Instead, Mulcahy urges retailers to communicate with their distributors to overcome any incompatibilities and form the strong relationship that can benefit the retailers' businesses in a pinch. "The reality is that even if you have the greatest locally grown program … you'll still need to get some of your produce from elsewhere. Very few places can grow everything they need," he notes. "If you can work well with your distributor in good times, then you have an open line of communication when problems arise. If supply was tight on a certain product [when I was a produce manager] and only four boxes reached my distributor, they would save one of the boxes for me, even though I was not one of their biggest accounts." Ultimately, Mulcahy's relationship worked to his customers' advantage, allowing them access to produce that other stores might not be able to obtain in lean times.

What specific steps can retailers, especially smaller stores, take to build a good distributor relationship? Mulcahy says that if a retailer cannot sell as much product as a distributor offers, the retailer can help the distributor (and himself) by trying to team up with other local small stores. "If you can't sell a whole case of X-product, see if another local store will agree to buy half the case. Don't expect the distributor to do all the legwork," he advises.

When it comes to prices, Mulcahy recommends against nickel-and-diming distributors. Though some retailers will switch distributors just to save $1 or $2 per case, Mulcahy says the savings won't make much of a difference in a retailer's margin. In the long run, Mulcahy argues, it's more important to have high levels of service and good product quality standards from your distribution partner.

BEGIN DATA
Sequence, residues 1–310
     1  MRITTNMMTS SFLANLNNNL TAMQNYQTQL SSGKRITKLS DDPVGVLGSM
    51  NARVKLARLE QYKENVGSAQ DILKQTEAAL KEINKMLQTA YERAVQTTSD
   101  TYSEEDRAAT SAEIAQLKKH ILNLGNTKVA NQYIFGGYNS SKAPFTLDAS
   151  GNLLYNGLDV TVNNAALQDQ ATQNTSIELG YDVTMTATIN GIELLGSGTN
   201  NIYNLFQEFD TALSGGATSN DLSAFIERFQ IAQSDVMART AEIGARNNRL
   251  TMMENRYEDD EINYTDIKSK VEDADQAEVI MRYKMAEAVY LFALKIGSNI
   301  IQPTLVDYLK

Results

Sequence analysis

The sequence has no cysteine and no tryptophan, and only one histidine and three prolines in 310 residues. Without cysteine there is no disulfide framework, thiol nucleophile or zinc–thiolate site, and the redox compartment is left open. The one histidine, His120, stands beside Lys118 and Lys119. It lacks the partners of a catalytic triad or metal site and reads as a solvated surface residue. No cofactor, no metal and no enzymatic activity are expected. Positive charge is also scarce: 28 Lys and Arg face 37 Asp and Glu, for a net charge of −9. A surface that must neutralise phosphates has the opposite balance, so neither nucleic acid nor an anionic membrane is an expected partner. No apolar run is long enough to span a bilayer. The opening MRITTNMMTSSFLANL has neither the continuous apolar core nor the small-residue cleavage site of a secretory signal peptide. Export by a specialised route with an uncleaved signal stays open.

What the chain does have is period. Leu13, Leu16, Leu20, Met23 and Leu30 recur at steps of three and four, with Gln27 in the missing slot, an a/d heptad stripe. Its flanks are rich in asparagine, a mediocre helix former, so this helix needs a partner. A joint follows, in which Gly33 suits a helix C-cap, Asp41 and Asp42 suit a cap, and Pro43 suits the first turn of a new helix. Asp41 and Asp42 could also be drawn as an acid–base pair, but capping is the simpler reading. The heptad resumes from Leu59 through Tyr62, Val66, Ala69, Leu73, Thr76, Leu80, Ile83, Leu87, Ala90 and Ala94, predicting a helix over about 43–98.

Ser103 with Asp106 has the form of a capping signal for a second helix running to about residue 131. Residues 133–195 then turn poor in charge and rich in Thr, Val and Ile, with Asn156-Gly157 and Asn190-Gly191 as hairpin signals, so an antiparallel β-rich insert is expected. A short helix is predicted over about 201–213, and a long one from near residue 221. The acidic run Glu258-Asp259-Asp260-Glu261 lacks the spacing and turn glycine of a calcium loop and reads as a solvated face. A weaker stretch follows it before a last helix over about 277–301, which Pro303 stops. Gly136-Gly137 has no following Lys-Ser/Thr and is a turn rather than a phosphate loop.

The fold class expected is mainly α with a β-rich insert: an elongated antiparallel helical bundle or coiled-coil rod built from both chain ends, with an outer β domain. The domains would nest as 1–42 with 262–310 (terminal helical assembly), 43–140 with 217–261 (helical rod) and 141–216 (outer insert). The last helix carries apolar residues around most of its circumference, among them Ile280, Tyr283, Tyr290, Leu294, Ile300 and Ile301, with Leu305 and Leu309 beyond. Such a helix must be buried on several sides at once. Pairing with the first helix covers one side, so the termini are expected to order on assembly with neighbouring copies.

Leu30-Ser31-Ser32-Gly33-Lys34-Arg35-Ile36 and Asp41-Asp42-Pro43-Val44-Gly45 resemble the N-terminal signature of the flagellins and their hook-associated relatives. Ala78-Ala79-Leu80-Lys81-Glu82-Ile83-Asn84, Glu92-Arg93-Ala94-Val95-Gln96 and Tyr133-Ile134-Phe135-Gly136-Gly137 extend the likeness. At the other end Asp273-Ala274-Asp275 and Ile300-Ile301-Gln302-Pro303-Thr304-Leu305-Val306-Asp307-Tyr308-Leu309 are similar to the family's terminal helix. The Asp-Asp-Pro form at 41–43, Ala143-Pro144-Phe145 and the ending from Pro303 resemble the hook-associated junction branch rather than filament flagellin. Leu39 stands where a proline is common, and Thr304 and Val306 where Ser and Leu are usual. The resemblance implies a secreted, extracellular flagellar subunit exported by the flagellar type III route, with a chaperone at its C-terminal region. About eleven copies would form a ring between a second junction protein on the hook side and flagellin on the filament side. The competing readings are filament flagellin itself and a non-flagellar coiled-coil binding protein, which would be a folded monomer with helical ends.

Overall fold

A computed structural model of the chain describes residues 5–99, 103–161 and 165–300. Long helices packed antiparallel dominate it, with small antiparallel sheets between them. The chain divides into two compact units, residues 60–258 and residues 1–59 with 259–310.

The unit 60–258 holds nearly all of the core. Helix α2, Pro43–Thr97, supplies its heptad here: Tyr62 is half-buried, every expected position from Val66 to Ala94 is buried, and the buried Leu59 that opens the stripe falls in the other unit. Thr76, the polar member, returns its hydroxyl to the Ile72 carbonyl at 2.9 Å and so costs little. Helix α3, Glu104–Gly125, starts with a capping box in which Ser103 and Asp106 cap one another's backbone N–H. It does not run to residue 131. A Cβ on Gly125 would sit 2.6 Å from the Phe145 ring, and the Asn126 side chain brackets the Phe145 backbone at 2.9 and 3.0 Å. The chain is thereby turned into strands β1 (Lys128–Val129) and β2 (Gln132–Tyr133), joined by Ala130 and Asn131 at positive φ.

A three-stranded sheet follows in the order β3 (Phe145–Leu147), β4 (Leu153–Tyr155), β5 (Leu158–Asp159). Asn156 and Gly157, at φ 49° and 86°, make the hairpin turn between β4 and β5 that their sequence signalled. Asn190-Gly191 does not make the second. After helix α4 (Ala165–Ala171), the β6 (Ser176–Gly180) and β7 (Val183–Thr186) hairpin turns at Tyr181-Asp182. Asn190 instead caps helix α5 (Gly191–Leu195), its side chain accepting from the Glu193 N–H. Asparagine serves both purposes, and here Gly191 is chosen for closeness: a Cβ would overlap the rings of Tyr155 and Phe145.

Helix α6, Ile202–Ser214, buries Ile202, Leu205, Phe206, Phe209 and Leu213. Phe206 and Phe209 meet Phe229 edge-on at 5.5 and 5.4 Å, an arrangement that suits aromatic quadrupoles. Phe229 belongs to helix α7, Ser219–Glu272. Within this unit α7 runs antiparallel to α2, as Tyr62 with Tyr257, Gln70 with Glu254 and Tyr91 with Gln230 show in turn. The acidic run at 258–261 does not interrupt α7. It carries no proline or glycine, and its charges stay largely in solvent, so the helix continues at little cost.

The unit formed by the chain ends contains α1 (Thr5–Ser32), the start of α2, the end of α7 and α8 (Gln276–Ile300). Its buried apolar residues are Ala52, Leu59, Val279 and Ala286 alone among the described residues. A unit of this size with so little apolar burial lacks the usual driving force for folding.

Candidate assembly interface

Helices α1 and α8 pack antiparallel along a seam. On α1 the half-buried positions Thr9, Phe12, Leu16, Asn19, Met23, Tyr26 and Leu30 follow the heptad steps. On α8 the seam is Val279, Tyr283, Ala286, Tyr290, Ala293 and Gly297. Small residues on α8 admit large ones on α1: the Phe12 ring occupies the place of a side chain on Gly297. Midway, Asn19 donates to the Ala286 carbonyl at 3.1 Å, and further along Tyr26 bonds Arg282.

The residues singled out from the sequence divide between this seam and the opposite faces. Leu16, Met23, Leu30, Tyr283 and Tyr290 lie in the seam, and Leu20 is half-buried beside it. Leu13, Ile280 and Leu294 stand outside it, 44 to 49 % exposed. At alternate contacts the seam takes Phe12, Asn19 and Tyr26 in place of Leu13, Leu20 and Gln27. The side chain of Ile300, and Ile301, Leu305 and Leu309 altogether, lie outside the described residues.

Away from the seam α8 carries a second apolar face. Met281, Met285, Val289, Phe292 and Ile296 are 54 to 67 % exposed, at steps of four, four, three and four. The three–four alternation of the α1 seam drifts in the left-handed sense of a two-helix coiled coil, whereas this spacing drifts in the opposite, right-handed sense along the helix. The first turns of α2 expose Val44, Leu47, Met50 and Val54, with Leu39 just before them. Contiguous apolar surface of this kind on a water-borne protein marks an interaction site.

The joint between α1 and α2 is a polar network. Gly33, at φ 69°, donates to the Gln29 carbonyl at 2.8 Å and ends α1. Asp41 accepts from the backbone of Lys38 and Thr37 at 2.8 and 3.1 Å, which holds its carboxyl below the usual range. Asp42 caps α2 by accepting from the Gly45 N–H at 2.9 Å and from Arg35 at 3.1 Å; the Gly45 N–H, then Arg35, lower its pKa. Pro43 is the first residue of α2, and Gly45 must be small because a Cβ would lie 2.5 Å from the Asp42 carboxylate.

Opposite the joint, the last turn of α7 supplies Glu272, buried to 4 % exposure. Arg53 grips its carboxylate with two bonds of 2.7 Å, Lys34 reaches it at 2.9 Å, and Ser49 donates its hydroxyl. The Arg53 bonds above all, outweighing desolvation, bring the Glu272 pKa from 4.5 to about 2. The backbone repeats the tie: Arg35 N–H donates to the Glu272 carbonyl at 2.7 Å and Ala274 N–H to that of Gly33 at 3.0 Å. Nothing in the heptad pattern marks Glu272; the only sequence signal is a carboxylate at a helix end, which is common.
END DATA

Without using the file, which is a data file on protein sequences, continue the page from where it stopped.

Both Mulcahy and Salinger suggest retailers visit their distributor if at all possible. Salinger says the experience can be eye-opening for many retailers when they get a sense of the scale at which distributors operate. You'll also get a chance to meet your distributors face-to-face, see their trucks and find out how they handle product and keep it orderly. Veritable Vegetable has six different refrigerated spaces at different temperatures and humidity levels to keep items stored in their ideal environments. You couldn't learn that, at least not in a visceral way, through an e-mail exchange.

While frequent visits to the distribution center may not be possible, or even necessary, Mulcahy does tell retailers to at least pick up the phone rather than just faxing in an order. During the conversation, you might learn that rain in California will push broccoli prices from $4.99/box to $20/box over the next week. Then maybe you can get some stock at the lower price if you place an advance order, or you can warn your customers of the coming price hike so that they can prepare and adjust their menu planning. You'll never know how many benefits the distributor relationship could bring you and your customers until you start building a strong one.

Aaron Dalton is a New York-based freelance writer.

Natural Foods Merchandiser volume XXVII/number 3/p. 102-103